High Level Summary of Statistics Trend Last update: Thursday, August 21, 2014
BAP Species and Habitats
Biodiversity refers to the variety of life. In 1992, the UN Convention on Biological Diversity recognised the need to protect biodiversity. The UK was one of the 150 countries to sign up to the convention, and the UK Biodiversity Action Plan (UK BAP) was published to develop strategies to protect biological diversity. The Scottish Biodiversity Forum is responsible for implementing the objectives of the UK BAP in Scotland.
Between 1995 and 1999, action plans were developed for 391 species in the UK that had been identified as priorities. 197 of these occur in Scotland. In the 2008 assessment for Scotland, , 38% of the species were increasing or stable and 21% were in decline. For the remainder of the species considered, 7% showed no clear trend, 32% had an unknown trend, 1 species (Wryneck) had been lost since the commencement of BAP in 1994, 2 had been lost pre BAP and 1 species (scurvy grass) was no longer considered a true species.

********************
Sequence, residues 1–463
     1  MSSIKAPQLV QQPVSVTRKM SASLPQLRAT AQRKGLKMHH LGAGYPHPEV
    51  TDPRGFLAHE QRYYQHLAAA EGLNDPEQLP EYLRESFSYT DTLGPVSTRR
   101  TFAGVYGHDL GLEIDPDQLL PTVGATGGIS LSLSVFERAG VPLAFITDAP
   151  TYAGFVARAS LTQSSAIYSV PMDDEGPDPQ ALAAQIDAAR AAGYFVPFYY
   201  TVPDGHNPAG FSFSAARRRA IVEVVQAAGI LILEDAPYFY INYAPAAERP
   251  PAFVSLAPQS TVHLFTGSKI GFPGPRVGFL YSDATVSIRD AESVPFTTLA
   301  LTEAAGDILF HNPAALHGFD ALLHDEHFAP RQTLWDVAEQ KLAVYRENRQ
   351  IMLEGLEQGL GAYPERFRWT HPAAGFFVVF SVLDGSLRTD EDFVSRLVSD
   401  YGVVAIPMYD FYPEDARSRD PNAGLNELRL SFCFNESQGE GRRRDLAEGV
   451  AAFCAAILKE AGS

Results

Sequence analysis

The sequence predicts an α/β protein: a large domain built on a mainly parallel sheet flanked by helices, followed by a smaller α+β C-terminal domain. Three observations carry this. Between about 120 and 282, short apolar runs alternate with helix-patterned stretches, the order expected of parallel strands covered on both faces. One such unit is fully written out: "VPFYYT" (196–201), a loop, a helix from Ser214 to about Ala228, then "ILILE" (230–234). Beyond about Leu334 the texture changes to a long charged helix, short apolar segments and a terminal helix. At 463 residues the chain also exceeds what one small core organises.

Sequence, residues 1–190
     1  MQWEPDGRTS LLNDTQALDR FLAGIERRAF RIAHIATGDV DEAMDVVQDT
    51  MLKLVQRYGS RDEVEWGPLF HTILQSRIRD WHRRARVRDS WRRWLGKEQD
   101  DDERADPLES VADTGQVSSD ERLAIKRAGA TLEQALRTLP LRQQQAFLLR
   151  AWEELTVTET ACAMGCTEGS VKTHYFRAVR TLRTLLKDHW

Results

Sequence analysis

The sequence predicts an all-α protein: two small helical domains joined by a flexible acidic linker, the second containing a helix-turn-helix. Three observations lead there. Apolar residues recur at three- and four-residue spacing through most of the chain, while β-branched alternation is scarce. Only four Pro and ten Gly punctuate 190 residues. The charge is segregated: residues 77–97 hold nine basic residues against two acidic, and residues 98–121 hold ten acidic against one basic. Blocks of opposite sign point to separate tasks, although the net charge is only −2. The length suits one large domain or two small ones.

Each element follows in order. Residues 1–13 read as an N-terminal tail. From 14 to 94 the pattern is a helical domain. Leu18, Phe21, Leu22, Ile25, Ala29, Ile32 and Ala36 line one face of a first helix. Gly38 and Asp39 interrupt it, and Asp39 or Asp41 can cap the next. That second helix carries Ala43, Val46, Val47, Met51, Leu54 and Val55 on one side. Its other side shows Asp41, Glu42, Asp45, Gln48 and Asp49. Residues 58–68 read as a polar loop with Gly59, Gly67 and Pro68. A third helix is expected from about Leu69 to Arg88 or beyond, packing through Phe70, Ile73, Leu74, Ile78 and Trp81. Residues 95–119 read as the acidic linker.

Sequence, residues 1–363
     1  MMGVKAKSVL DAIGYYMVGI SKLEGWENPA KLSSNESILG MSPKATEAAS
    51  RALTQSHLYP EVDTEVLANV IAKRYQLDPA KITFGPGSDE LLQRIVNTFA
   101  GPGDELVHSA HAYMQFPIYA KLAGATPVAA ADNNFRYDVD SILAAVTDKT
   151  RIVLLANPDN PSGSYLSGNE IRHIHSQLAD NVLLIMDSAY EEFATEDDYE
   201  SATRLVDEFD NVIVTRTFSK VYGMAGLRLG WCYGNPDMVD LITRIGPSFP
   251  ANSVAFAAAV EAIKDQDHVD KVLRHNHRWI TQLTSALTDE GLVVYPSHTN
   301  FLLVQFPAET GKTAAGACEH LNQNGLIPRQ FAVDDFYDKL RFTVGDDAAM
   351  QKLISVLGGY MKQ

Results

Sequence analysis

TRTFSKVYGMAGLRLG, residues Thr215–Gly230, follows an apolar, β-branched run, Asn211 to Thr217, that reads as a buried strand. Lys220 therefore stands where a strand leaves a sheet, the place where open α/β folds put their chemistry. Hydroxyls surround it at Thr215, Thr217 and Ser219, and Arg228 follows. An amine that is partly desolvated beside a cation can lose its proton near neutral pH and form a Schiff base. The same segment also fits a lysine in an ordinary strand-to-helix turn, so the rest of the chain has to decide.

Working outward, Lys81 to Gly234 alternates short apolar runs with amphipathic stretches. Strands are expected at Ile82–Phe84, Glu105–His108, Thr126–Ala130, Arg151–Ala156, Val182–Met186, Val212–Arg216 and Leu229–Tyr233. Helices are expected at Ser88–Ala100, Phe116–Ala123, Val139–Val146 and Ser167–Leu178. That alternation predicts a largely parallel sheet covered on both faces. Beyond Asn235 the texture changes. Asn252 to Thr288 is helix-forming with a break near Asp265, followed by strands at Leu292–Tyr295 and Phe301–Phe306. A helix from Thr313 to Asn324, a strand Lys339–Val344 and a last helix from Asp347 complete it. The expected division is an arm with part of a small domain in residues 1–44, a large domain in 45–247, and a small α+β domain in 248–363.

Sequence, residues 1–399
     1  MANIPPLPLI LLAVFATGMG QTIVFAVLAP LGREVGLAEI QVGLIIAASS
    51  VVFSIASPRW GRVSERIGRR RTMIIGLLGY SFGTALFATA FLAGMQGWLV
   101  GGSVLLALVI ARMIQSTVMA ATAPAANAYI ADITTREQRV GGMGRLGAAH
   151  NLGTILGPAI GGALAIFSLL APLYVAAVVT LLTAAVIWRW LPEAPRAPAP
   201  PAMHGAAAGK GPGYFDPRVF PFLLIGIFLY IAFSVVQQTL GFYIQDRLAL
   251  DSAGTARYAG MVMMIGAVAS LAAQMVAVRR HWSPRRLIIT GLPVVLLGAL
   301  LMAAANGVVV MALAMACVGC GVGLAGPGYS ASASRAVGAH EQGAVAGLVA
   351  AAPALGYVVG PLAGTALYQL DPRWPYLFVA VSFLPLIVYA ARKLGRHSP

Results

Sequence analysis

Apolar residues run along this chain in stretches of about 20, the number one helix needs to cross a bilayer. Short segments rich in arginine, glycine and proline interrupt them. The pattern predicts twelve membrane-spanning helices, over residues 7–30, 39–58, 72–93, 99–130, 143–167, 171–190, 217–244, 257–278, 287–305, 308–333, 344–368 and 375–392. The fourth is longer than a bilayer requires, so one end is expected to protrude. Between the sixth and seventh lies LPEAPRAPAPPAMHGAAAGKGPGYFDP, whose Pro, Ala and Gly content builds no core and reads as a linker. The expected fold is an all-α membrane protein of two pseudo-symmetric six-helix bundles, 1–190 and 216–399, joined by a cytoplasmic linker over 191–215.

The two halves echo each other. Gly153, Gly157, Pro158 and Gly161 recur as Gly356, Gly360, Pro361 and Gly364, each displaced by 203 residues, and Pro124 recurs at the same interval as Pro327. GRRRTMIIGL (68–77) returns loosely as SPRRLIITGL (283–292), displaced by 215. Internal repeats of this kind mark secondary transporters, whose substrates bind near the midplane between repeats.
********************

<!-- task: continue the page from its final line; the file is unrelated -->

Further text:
Between 1995 and 1999, action plans were also developed for 45 habitats in the UK, 39 of these occurred in Scotland. As at 2008, of these 39, 15% of the habitats were increasing, 28% were considered stable and 33% were in decline. For the remainder, 23% had an unknown trend and for 1 habitat the trend was unclear.
BAP HABITATS IN SCOTLAND: 2008
BAP SPECIES IN SCOTLAND: 2008
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Source: Biodiversity Action Reporting System (BARS)